Ron Whitehead is an artist, veteran of the Gulf War, and presently teaches photography and art at Ossining High School in New York state. As an artist, his complex images, rendered in layered photography, speak to the duality of military service and the return to civilian life. Ron’s black & white photograph “Art of Healing” was a categorical winner at the 2015 National Veterans Creative Arts Festival.
Critically important to the mission and goals of Americans for the Arts, these individuals help advance the arts through their leadership.
I’ve always felt it was my responsibility to provide an environment in which an artist can encounter a public or an audience in the most favorable way. I work to make sure I can present things that reflect the desire and integrity of the artist in a way that is understood by the public, that isn’t alien. In that sense, I am a bridge between an artist and a community.
"The partnerships between business and the arts are essential–our sector provides the creative capital and business provides the capital investment that makes the project a go. I don’t think I’ve ever initiated a major new program without the support of the business sector. The arts are the entrepreneurs of creativity–unlike any other sector, the arts create programs that touch almost every aspect of community life in substantive, meaningful, long lasting ways. Businesses are often looking for creative, impactful programs in which to invest.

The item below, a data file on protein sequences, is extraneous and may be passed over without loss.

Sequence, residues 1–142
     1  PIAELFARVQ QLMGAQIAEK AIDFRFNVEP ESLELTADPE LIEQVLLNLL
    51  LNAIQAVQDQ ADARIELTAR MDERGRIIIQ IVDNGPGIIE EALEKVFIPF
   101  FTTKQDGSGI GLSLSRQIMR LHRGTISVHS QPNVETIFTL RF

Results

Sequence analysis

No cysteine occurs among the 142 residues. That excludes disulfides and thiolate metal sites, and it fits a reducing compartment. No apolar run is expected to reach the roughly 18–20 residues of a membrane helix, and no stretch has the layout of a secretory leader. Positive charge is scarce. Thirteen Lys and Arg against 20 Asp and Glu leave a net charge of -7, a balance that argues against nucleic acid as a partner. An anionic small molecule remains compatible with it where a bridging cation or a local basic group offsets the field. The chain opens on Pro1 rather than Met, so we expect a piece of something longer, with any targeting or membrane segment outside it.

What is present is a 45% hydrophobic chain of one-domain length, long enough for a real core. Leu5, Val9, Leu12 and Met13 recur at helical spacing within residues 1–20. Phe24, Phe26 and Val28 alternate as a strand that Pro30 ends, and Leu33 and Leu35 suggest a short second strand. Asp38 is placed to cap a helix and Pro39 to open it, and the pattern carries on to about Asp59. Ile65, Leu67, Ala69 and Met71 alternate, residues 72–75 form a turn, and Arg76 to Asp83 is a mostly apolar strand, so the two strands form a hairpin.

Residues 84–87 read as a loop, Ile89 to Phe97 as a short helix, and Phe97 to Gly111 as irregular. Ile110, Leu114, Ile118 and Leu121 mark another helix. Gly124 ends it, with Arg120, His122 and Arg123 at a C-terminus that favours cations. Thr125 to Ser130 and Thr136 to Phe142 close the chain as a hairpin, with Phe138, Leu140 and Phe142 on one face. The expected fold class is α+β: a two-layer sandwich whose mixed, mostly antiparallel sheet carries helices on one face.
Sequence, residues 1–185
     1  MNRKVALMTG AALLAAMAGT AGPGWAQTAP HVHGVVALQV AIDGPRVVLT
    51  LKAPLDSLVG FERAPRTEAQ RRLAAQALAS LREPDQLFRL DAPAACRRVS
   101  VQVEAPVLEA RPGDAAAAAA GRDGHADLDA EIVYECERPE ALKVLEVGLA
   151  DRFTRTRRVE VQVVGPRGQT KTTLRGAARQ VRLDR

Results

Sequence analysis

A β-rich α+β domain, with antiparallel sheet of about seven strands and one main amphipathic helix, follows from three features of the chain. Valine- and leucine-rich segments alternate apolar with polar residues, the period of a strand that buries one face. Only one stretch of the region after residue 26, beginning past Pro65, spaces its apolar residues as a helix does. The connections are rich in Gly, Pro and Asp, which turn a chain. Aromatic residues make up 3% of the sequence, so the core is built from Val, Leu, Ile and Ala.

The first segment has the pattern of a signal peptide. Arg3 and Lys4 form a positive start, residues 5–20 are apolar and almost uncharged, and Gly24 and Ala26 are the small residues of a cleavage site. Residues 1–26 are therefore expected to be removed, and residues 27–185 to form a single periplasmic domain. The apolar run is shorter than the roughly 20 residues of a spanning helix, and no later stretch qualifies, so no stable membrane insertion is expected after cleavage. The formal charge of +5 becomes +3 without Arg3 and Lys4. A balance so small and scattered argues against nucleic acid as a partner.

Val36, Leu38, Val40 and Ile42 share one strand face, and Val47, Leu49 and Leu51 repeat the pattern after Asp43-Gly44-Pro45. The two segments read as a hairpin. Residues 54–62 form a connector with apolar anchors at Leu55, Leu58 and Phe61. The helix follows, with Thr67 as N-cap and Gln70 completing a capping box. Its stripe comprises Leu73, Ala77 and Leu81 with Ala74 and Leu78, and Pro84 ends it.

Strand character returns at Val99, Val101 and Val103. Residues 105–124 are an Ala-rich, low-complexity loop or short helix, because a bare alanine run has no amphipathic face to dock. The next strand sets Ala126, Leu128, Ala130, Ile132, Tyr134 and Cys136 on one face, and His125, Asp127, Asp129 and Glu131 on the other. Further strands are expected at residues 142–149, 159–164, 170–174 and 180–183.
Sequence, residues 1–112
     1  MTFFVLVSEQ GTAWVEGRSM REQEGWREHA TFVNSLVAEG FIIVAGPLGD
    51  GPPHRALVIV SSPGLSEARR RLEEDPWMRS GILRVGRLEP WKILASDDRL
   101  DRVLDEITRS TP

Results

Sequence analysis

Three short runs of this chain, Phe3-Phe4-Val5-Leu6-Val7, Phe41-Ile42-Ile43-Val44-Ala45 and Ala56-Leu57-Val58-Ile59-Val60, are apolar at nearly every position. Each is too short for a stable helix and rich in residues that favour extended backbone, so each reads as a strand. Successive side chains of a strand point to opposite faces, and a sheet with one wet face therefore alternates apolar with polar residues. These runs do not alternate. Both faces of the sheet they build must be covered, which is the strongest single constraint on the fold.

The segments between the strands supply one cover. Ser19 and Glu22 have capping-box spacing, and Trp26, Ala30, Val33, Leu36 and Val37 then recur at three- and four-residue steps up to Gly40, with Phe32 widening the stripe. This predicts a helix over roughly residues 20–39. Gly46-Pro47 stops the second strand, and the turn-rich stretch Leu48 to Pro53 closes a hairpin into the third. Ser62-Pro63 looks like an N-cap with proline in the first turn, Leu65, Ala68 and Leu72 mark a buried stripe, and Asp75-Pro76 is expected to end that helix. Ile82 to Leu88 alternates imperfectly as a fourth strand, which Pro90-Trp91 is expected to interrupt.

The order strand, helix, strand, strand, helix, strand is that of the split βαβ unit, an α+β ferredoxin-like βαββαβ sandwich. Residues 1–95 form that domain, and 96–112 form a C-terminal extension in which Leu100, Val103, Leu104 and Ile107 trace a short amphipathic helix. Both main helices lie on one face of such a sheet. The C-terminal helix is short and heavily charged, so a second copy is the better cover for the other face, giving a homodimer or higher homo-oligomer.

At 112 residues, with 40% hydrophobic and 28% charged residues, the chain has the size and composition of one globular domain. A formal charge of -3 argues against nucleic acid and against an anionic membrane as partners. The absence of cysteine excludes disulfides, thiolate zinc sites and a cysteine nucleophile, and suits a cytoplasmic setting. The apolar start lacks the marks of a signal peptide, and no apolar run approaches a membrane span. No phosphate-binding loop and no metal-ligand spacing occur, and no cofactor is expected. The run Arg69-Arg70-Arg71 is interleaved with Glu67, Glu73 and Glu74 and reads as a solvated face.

Growing up in Southern California, I was lucky enough to be exposed to the arts in my public high school. That experience opened up a whole new world to me where all the arts, but particularly visual art, would change my life. It would lead me to major in art history in college and follow that up with a commitment to arts education in philanthropy. I have served on nonprofit arts boards large and small, from PS Arts to MOCA in an effort that others could have similar eye opening experiences with the arts.
During National Arts and Humanities Month, Rep. Kristi Noem (R-SD) photographed “Dignity,” a 50-foot sculpture of a Native American woman created by Sturgis artist Dale Lamphere. The sculpture is on the banks of the Missouri River in Chamberlain, South Dakota.
Serving on many nonprofit boards has helped me realize that for a community to be successful, it has to come together efficiently and effectively. As the city of Des Moines embarked on a commitment to the arts, I discovered that supporting the arts in addition to human and social services could strengthen the community ties that are so important to Bankers Trust Company, Iowa’s largest community bank.